THE NEED OF ENJOYMENT. [Newspaper Article] — Berringa Herald — 11 July 1914
I I THE NEED OF ENJOYMENT. During mom.ents of rest and re pose, do not think of doing things, but think of enjoying things. The man who is always thinking of do ing things may produce the quantity for a time, but the time will be short, and the quality will he absent entire ly. The host results are always se cured when thoughts of doing things aro frequently alternated with thoughts of enjoying things. The simplest, the easiest, and the quickest way to recuperate the mind is to think of enjoying things. A few moments of such thoughts aro usu ally sufficient to restore full mental vigor; bat those moments must be given over completely to thoughts of enjoyment. The doing of things must be wholly forgotten for the time being, and the mind must give its all to the pleasing picture that it has chosen tp entertain.
A Labor-Saving Husband. [Newspaper Article] — Berringa Herald — 11 July 1914
A Labor-Saving Husband. "Yes," she admitted, '1 am going to marry an old soldier." "Are you sure you are not letting your sentiment run away with your judgment?" they asked. "There is no sentiment about it. He will be ao handy to have around the house to tell me storips that will make my hair curl." Grass Stains on White Dresses.— Paraffin or alcohol is the best thing to remove these. Rub the stain with either till it seems to be thoroughly loosened; then wash in warm suds in the usual way.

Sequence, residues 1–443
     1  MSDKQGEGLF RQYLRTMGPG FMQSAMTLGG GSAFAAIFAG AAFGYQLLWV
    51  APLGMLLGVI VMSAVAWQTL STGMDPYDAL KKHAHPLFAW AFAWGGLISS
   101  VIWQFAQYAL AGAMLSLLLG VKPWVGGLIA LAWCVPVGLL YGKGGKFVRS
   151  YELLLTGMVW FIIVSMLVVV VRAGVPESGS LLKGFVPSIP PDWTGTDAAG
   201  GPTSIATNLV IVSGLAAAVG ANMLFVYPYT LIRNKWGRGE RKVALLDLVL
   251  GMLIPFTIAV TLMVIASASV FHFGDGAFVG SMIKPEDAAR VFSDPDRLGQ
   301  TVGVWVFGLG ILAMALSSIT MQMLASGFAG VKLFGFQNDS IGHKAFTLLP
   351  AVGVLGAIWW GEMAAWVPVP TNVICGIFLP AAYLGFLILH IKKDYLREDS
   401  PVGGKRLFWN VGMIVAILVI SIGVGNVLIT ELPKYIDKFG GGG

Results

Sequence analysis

PATTERN FOR CHILD'S SLEEPING SUIT. [Newspaper Article] — Berringa Herald — 11 July 1914
PATTERN FOR CHILD'S SLEEPING SUIT. In cold weather no mother should fail to make her child one of these cosy little sleeping suits. Flannel, of course, is by far the most suitable ma terial to use. It represents "Every lady's Journal" pattern No. 4G and is cut in two sizes—for children of four and six years. This pattern may be bought for ninepence from local pattern agent or will be sent post free to any ad dress if ninepence in stamps is sent to Dept. A, "Everylady's Journal," 376 Swanston-straet, Melbourne. State number of pattern and sizo. required. If a penny stamp is sent" to above ad dress a 48-page catalogue will be sent to any reader who writes "send free catalogue." -
HANG IT UP. [Newspaper Article] — Berringa Herald — 11 July 1914
HANG IT UP. By acquiring the habit of hanging up the pitchfork after using it, you will know right where to find it when it is again needed; and you will also know that it is not lying around where some of your valuable stock may be killed or maimed on it.
FOR THE OFFENCE OF THINKING. [Newspaper Article] — Berringa Herald — 11 July 1914